I immediately went to dashbitters.com and ordered the 1889 kit, meant to reproduce the Angosturian digestive aid for Simon Bolivar’s troops. Dash’s packaging is simple and elegant, but the herbal ingredients were the real revelation: pungent, beautiful, each with their own stories that stretched back to the era when medicine and magic were nearly identical.

Gentian Root,  the star ingredient,  actually has medical value as an anti-inflammatory and antiseptic. But in 1653 British herbalist Nicholas Culpeper noted that gentian “comforts the heart and preserves it against faintings and swoonings: the powder of the dry roots helps the biting of mad dogs and venomous beasts.” That makes for a powerful Manhattan.

The Dash kit also contains a redolent packet of cardamom. Its sweetness is a nice balance to the bitterness of gentian, and Bolivar’s army would have found it useful because it’s a proven aid for heartburn and gastric complaints.

The most interesting of the herbs to me were the round peppery seeds called grains of paradise. This West African spice was first discovered by Europeans during the Renaissance. My research took me away from the Internet and into the real world, where I had the pleasure of visiting the extraordinary collection of medieval texts of The Institute for the Preservation of Medical Traditions. Its scientific director, Alain Touwaide, showed me reproductions of historic texts and illustrations of Grains of Paradise, which he told me was more popular than black pepper in 14th-century France, and three times more expensive.

According to Touwaide’s copy of the “Tractatus de Herbis,” the spice’s pungent flavor was said to have the properties of “warming, drying and giving ease.” In “The Boke of Nurture,” John Russell described Grains of Paradise as provoking “hot and moist humors,” and apparently, that was medieval code for “aphrodisiac.” Oddly enough, a 2002 medical study showed that extracts of Grains of Paradise “significantly increased” the sexual activity of lab rats.

Microscopic view of Grains of Paradise. Credit: Susan Lutz

Microscopic view of Grains of Paradise. Credit: Copyright 2017 Susan Lutz

Dog bite treatment, gastric cure, aphrodisiac … you can see why bitters quickly migrated from the medicine chest to the cocktail bar.

Extracting the essence of these magical herbs is not a short process, and I felt like a medieval alchemist as I boiled, strained and transferred the herbal concoction from one tincture jar to another. Three weeks later, I had my own small jar of pungent, aromatic bitters, ready for its first introduction to some locally-made bourbon and a bit of sugar.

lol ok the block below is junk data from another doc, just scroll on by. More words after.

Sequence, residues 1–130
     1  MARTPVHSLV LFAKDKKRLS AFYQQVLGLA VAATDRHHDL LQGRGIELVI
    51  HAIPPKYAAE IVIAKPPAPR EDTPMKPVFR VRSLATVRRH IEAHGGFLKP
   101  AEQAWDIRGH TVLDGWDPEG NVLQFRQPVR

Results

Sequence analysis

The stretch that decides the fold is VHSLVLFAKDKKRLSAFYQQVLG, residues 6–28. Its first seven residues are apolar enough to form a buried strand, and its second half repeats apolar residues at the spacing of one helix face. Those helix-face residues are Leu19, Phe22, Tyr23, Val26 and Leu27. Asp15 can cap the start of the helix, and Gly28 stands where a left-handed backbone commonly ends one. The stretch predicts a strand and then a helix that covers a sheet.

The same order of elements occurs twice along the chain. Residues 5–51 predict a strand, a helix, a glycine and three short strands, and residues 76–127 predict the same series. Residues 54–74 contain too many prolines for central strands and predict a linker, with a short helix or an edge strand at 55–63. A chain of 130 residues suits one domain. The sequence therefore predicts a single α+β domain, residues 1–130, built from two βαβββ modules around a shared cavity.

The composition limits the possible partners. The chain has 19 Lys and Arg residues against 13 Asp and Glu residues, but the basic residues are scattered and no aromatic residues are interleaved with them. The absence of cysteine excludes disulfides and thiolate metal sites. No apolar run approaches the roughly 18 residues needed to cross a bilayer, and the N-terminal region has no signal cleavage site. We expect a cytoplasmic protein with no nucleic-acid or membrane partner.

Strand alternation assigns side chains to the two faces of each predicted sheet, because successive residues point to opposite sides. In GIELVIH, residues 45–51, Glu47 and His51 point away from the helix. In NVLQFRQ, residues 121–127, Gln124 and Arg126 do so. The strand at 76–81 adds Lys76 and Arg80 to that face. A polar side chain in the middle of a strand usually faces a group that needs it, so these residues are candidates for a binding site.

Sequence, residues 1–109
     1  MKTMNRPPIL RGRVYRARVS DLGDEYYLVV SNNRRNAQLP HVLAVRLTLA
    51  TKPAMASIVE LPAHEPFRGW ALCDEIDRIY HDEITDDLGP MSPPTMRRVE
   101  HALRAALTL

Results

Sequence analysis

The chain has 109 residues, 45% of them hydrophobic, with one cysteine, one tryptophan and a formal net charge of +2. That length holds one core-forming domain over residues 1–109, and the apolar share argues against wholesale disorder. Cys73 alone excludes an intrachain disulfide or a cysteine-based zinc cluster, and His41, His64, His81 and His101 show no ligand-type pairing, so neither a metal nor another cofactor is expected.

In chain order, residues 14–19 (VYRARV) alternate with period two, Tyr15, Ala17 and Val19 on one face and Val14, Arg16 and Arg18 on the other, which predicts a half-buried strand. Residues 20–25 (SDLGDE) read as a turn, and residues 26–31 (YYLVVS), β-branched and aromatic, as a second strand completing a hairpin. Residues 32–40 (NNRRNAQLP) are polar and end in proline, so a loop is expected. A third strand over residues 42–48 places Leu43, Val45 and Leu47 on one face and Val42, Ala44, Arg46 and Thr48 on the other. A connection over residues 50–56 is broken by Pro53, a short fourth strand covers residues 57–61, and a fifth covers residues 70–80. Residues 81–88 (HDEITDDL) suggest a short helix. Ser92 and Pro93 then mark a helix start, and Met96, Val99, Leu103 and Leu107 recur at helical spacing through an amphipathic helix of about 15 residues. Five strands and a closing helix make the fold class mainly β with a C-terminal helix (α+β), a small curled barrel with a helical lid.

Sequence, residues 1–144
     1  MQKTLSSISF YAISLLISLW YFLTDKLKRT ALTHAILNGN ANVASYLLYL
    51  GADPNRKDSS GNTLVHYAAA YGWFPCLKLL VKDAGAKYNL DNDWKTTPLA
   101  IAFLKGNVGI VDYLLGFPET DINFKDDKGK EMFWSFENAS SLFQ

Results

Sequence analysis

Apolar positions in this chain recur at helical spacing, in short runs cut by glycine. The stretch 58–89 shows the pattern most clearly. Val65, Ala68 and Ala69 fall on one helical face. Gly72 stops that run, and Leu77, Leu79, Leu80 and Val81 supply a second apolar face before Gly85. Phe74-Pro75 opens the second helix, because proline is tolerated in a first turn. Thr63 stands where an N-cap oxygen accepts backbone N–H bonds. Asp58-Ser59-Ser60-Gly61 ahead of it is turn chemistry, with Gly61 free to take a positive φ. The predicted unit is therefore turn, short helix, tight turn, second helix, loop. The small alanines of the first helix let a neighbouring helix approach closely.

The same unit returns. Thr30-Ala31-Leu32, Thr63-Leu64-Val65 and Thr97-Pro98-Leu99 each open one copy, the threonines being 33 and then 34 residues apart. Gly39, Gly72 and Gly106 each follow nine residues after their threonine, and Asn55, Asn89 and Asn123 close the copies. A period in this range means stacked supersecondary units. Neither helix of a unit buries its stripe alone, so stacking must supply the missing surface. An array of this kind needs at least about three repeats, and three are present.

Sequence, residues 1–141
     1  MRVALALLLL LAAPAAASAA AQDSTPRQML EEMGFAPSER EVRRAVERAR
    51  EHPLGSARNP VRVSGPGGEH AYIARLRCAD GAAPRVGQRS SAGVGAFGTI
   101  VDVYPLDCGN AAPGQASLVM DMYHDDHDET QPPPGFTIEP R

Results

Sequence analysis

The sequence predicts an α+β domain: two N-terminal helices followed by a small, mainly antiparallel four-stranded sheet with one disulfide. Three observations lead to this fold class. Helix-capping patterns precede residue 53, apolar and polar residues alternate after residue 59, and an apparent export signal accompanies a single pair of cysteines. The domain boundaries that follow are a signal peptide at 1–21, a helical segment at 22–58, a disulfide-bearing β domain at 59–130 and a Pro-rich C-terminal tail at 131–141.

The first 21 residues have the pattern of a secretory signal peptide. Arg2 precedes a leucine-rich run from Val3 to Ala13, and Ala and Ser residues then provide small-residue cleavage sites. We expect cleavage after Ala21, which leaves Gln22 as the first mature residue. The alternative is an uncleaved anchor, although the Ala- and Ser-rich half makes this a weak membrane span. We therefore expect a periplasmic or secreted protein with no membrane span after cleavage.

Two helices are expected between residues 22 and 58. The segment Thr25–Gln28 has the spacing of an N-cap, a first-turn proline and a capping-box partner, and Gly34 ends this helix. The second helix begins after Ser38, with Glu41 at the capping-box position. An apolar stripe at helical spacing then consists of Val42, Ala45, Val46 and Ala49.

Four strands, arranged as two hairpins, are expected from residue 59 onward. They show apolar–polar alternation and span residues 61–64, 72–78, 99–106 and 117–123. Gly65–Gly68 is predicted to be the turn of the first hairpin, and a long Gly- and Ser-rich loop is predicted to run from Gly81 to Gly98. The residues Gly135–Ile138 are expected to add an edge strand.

But I discovered one other interesting fact about making bitters that Gina had warned me about.  Even a small kit gives you a lot more bitters than you’ll use on your own. The solution: cooking with bitters!

So as you sip your Manhattan or Old Fashioned, you can use the rest of your alchemical digestive aid on a batch of chocolate cookie sandwiches with cherry walnut bitters frosting. It’s for your health, after all.

Chocolate Cookie Sandwiches With Cherry Walnut Bitters Frosting

(Recipe courtesy of Dash Bitters)

Makes approximately 12 small, sandwich cookies

Ingredients

1½ cup almond flour
¼ teaspoon salt for cookies, plus an additional pinch for frosting
½ teaspoon baking soda
¼ cup arrowroot powder
⅛ cup cocoa powder
¼ cup grapeseed oil
⅓ cup agave nectar
⅔ teaspoon vanilla extract
2 ounces cream cheese, softened
4 tablespoons unsalted butter, softened
1 teaspoon Cherry Walnut Bitters
1½ to 1¾ cups confectioners’ sugar

Directions

1. Preheat oven to 350 F. Line two large baking sheets with parchment paper.

2. In a large bowl, mix almond flour, salt, baking soda, arrowroot powder and cocoa powder.

3. In a small bowl, whisk together the grapeseed oil, agave nectar and vanilla extract. Pour the wet ingredients into the almond flour mixture and stir until thoroughly combined.

4. With a teaspoon, scoop the dough one teaspoon at a time onto the prepared baking sheets, leaving at least two inches between each cookie. The dough will spread.

5. Bake for 8 to 10 minutes, until the tops of the cookies look dry and the color darkens.

6. Remove the cookies from the oven and allow the cookies to cool on a cooling rack for 10 minutes while you make the frosting.

7. Beat together cream cheese and butter on medium speed until mixture is fluffy, about one minute. Scrape down bowl with a spatula. Add cherry walnut bitters and salt. Mix on low for another minute.

8. With the mixer on low, slowly add 1 cup of the confectioners’ sugar; beat for 20 seconds. Scrape down bowl. If consistency is too soft to hold its shape, add additional confectioners’ sugar, one tablespoon at a time, until desired consistency is reached. Frosting can be kept refrigerated, in an airtight container with plastic wrap pressed on the surface, for several days.

Top photo: Making homemade bitters requires spices, alcohol and, above all, patience. Credit: Copyright 2017 Susan Lutz

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Rupert Murdoch’s Fingerprints On Moraga Wines /drinking/wine/rupert-murdochs-fingerprints-on-moraga-wines/ /drinking/wine/rupert-murdochs-fingerprints-on-moraga-wines/#comments Sat, 11 Nov 2017 10:00:02 +0000 /?p=75015 A view of the Getty Center from the top of Moraga’s Bel Air vineyards. Credit: Copyright 2016 Zester Media